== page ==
Bee Khaleeli, Sexual Assault Centre of McGill University

Bee Khaleeli is a fourth-year undergraduate student at McGill University. They have worked extensively in sexual violence prevention, first in peer education roles at SACOMSS (a student-run sexual assault centre) and then later in advocacy and policy development positions with the Student’s Society of McGill University (SSMU). Notably, they worked with the SSMU to develop and implement an internal Gendered and Sexual Violence Policy , the first among any Canadian student union. More recently, they have engaged in work surrounding gendered and sexual abuses of power in academic contexts. Bee studies history and gender, sexuality and feminist studies. They prefer gender-neutral pronouns.

Brenda Austin-Smith, Canadian Association of University Teachers (CAUT)

Brenda Austin-Smith is Vice-President of the Canadian Association of University Teachers, representing 72,000 academic staff at universities and colleges across the country. Brenda has been active in academic staff association work (including organizing and contract negotiations) for over twenty years. She is a former President of the University of Manitoba Faculty Association, and is currently Head of the Department of English, Theatre, Film & Media at the University of Manitoba.

Britney De Costa, Ontario Undergraduate Student Alliance (OUSA)

Britney De Costa is a Research and Policy Analyst at the Ontario Undergraduate Student Alliance (OUSA). In her role at OUSA, Britney supports student-led advocacy for accessible, affordable, accountable, and high-quality post-secondary education, including efforts to end gender-based violence on campus. Prior to joining OUSA she completed her JD, MSW, and LLM degrees at the University of Windsor where she helped to implement sexual violence prevention and response initiatives at Windsor Law while also sitting on the Windsor-Essex Take Back the Night steering committee.

Candace Wasacase-Lafferty, University of Saskatchewan

Candace Wasacase-Lafferty, (Cree/Saulteaux), is a citizen of the Kahkewistahaw First Nation, and the Director of Indigenous Initiatives at the University of Saskatchewan. Her role provides oversight and leadership of the Gordon Oakes Red Bear Student Centre. This Centre is designed to be a place of ceremony, student success, reconciliation and cross campus and community engagement. Ms. Wasacase-Lafferty is also the Chair of the Board of Wanuskewin Heritage Park, which works to advance understanding and appreciation of the Northern Plains Indigenous peoples.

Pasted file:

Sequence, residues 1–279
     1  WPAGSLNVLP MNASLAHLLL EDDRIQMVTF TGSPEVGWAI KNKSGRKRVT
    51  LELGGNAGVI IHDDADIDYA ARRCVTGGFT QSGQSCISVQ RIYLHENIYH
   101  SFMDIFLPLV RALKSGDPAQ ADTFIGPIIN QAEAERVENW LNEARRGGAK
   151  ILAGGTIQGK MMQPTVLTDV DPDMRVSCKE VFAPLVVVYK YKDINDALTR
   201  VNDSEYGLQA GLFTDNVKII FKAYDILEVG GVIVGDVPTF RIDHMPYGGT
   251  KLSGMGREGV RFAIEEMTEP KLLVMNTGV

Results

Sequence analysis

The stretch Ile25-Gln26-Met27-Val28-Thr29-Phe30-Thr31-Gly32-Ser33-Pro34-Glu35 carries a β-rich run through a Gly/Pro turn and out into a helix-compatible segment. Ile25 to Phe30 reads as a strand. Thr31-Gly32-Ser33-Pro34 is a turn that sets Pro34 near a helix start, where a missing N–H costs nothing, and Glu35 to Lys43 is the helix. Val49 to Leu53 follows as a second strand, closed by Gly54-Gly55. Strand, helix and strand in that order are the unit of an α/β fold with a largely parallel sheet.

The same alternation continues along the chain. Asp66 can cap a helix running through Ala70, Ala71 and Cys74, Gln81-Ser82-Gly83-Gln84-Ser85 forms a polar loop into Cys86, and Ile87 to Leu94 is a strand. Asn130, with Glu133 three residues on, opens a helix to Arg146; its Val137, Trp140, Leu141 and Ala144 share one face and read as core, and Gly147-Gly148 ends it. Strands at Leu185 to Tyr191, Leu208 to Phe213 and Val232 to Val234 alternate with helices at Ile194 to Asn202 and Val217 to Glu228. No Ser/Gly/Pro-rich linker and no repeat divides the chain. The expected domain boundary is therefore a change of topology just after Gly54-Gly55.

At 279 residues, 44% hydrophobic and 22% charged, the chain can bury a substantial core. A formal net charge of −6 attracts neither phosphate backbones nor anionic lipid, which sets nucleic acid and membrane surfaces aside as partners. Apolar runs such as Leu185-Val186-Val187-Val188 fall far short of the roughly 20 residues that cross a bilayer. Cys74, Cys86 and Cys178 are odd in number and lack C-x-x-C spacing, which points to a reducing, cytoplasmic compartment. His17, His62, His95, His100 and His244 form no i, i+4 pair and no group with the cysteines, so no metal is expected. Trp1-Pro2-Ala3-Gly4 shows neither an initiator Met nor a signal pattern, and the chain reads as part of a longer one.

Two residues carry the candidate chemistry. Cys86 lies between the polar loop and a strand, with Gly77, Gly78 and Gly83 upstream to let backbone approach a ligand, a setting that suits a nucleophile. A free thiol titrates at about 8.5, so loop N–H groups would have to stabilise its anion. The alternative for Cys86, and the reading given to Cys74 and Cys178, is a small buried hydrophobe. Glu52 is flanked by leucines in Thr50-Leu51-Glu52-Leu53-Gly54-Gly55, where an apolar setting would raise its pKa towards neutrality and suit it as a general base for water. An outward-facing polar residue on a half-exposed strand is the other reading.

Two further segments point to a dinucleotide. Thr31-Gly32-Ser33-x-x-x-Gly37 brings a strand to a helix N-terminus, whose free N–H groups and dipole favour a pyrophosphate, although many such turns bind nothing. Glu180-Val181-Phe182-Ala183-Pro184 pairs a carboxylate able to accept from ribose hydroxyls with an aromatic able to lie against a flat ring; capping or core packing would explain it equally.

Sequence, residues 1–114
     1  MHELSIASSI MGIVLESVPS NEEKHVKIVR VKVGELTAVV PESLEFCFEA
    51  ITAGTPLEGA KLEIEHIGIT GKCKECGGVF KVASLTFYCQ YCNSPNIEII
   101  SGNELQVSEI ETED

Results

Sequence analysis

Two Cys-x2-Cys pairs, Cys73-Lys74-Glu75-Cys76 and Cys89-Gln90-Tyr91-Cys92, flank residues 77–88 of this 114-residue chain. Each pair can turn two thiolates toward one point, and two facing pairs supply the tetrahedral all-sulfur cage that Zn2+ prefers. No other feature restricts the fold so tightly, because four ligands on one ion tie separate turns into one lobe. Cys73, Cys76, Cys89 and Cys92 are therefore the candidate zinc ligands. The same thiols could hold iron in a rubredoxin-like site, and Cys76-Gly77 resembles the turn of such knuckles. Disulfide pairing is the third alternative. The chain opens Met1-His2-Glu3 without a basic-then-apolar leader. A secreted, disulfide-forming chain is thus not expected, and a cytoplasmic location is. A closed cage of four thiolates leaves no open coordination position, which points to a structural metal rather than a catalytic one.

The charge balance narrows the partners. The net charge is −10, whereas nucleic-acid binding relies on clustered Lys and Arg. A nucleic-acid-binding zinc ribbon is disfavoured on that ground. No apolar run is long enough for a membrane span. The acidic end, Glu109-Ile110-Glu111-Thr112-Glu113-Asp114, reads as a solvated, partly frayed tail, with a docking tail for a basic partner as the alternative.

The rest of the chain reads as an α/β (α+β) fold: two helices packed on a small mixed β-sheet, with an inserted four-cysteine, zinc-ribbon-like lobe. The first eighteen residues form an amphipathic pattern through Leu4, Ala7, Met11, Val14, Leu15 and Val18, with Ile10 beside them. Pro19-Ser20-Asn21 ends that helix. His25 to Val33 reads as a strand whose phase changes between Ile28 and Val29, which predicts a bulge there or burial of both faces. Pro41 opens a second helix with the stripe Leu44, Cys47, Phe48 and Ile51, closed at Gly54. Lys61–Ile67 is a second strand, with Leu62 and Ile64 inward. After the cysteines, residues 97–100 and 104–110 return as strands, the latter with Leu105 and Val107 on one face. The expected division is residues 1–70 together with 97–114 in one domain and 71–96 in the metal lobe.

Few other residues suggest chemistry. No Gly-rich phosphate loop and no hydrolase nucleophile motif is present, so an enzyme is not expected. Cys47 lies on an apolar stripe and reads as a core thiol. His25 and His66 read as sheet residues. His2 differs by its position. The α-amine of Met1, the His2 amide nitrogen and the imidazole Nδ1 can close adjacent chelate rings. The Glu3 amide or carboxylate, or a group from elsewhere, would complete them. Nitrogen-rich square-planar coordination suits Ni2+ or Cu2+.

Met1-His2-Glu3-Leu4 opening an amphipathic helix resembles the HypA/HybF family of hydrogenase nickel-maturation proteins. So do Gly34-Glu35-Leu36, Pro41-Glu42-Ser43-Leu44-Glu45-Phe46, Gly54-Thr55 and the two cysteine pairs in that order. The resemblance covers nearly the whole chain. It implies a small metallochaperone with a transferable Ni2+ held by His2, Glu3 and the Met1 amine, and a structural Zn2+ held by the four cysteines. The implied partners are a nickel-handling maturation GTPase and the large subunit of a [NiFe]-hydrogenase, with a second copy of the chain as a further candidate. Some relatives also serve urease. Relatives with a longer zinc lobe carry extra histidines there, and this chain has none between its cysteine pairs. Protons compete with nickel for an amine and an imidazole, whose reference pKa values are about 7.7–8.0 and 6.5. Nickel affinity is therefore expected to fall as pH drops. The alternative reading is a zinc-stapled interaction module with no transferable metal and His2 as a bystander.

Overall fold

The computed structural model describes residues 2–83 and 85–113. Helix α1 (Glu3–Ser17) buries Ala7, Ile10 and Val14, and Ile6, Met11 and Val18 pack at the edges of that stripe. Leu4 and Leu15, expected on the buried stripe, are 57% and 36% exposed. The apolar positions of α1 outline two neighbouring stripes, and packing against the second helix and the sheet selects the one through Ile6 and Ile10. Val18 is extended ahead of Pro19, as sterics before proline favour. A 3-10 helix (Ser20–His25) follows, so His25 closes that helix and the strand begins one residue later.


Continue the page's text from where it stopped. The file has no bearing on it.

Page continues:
Caitlin Salvino, Students for Consent Culture (SFCC)

Caitlin Salvino, is a 23-year-old with a B.A. Combined Honours in Human Rights and Law from Carleton University. She was the co-founder and national Chair (2017-2018) of OurTurn: A National Student Movement to End Campus Sexual Violence. Through her work with OurTurn, Caitlin along with a team of volunteers published a bilingual and adaptable campus sexual violence national action plan that has been signed by over 30 student unions/groups across Canada representing over 500,000 students.  In 2018, the OurTurn National Committee was renamed as the Students for Consent Culture Canada (SFCC) to continue the work of supporting survivors of campus sexual violence with an explicit intersectional and anti-oppressive approach. In addition to the SFCC, Caitlin has worked for Oxfam Canada and has volunteered with children and young adults who live with disabilities for over ten years. Caitlin is currently attending Oxford University to study law as a Rhodes scholar.

Cassbreea Dewis, University of Victoria

Cassbreea Dewis is Acting Director, Equity and Human Rights (EQHR) at the University of Victoria. She has a professional background in social and environmental justice, university administration, policy and governance. Her experience in these distinct areas of the university has led to a deep understanding of the complex social and administrative contexts of universities. On the winding journey that led to her present position, Cassbreea had the opportunity to co-lead the development of the Sexualized Violence Prevention and Response Policy at the University of Victoria. Cassbreea and the EQHR team are now over a year into leading an institutional effort to implement the new policy and establish a robust and effective system of sexualized violence response, support to survivors and preventative education. She is also leading the implementation of an institutional engagement effort that aims to embed equity, diversity and inclusion in all university practices. Cassbreea works closely with the UVic Executive and other university leaders to advance these mandates. She holds a Masters in Public Administration and a Bachelors in Anthropology and Environmental Studies.